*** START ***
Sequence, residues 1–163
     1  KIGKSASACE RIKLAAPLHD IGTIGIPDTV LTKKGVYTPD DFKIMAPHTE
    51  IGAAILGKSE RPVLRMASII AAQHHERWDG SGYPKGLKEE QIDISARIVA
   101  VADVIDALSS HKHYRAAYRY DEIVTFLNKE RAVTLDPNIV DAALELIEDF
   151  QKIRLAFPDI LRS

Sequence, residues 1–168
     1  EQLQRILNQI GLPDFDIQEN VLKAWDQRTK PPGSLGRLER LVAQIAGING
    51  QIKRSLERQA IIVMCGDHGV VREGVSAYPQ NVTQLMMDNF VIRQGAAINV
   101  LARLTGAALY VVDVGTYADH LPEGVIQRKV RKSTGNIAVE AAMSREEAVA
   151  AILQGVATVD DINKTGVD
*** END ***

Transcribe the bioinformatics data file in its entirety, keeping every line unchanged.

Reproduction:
Sequence, residues 1–163
     1  KIGKSASACE RIKLAAPLHD IGTIGIPDTV LTKKGVYTPD DFKIMAPHTE
    51  IGAAILGKSE RPVLRMASII AAQHHERWDG SGYPKGLKEE QIDISARIVA
   101  VADVIDALSS HKHYRAAYRY DEIVTFLNKE RAVTLDPNIV DAALELIEDF
   151  QKIRLAFPDI LRS

Sequence, residues 1–168
     1  EQLQRILNQI GLPDFDIQEN VLKAWDQRTK PPGSLGRLER LVAQIAGING
    51  QIKRSLERQA IIVMCGDHGV VREGVSAYPQ NVTQLMMDNF VIRQGAAINV
   101  LARLTGAALY VVDVGTYADH LPEGVIQRKV RKSTGNIAVE AAMSREEAVA
   151  AILQGVATVD DINKTGVD